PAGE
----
Amos-17 was aboard a SpaceX Falcon-9 launch vehicle when it took off at 23.23 UTC on Tuesday night (August 6).
The satellite separated from the launcher’s second stage at the 33-minute stage following ignition and, as planned, is in constant contact with its ground station.
It will ultimately be located at 17 degrees East.
“Amos-17 places us directly into the exciting growth of Africa’s Sub-Saharan vibrant markets,” said Spacecom CEO and president David Pollack. “As a leading multi-regional satellite operator, Spacecom is introducing the most technologically advanced satellite with HTS beams to service Africa where Amos-17 will deliver a large selection of services to a variety of broadcast, broadband and telecom clients.”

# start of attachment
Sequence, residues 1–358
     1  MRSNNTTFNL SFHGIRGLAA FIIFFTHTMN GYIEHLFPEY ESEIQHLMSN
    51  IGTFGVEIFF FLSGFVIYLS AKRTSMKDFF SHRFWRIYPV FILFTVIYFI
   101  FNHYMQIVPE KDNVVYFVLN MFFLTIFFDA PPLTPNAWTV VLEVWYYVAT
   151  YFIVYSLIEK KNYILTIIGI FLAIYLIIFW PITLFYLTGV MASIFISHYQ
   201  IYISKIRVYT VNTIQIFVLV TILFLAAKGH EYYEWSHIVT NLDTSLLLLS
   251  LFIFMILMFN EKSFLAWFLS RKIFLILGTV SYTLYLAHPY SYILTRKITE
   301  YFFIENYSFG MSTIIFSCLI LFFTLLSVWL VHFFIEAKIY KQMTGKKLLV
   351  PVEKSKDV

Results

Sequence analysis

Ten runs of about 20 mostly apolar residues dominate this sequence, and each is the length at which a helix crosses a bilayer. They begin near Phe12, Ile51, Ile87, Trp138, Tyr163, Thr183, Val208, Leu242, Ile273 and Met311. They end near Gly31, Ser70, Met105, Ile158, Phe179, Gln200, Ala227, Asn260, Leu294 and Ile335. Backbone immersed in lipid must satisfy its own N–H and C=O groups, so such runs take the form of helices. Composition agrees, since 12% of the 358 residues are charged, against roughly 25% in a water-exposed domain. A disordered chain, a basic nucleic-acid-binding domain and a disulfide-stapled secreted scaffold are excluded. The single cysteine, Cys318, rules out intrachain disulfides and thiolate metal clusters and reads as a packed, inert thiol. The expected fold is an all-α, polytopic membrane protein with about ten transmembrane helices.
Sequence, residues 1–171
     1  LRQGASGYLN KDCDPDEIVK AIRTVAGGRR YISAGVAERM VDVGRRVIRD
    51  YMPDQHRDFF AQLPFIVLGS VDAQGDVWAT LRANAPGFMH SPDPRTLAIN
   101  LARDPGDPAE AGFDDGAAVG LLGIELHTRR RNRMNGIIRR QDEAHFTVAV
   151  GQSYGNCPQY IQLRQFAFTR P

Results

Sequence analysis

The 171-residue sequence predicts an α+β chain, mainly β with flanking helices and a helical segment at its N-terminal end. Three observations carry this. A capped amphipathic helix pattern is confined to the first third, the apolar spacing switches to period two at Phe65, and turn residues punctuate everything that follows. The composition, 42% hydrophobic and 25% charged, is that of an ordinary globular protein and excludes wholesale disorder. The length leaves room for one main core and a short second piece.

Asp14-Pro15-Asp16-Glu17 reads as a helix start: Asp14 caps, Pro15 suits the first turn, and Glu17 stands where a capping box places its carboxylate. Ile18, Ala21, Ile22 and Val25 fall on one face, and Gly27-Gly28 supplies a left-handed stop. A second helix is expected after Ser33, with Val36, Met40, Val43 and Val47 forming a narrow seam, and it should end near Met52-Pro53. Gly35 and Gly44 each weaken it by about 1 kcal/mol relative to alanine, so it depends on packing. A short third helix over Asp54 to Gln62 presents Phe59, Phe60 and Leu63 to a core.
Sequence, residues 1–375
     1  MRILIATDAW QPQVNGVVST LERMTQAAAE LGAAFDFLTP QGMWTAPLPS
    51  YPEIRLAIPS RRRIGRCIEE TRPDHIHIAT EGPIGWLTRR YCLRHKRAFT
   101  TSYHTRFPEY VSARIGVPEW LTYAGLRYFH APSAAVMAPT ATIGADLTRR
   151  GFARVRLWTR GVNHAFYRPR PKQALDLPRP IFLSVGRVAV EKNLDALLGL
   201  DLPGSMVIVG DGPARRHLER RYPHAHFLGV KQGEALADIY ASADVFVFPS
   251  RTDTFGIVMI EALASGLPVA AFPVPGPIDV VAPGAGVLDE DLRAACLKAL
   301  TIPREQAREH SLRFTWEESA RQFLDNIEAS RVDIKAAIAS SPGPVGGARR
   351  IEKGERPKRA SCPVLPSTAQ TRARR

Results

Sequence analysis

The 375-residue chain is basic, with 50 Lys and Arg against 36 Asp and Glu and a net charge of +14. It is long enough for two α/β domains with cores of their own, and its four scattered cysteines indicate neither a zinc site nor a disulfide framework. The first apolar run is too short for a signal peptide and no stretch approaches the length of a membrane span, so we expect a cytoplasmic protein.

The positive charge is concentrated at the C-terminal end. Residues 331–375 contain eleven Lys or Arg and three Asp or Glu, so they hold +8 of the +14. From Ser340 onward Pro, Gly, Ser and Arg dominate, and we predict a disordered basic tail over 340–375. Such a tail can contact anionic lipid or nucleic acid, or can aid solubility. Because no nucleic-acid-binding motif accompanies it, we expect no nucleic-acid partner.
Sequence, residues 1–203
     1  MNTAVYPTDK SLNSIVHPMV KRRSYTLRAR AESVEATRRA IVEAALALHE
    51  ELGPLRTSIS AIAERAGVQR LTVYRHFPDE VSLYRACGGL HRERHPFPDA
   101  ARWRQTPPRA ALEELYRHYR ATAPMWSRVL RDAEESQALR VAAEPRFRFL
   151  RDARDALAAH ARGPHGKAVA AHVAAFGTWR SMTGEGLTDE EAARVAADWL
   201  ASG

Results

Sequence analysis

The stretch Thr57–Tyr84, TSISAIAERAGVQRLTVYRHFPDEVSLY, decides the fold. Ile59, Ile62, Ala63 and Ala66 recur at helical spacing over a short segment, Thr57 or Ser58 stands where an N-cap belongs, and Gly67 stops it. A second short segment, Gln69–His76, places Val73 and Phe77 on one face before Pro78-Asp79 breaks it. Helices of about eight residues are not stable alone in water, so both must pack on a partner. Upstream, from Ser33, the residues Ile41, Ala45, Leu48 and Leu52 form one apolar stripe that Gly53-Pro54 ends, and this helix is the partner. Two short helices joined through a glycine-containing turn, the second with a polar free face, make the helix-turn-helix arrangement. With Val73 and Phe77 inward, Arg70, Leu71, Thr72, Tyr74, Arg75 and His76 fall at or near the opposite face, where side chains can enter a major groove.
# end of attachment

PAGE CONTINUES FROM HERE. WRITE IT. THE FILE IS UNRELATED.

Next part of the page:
Manufactured by Boeing Satellite Systems International, Amos-17 is 6.5-ton high-power, HTS, whose payload has been designed to meet the demand of the African continent, though it will also have connectivity to the Middle East, Europe, India, China and as far west as Brazil.
In orbit tests are expected to take about three weeks.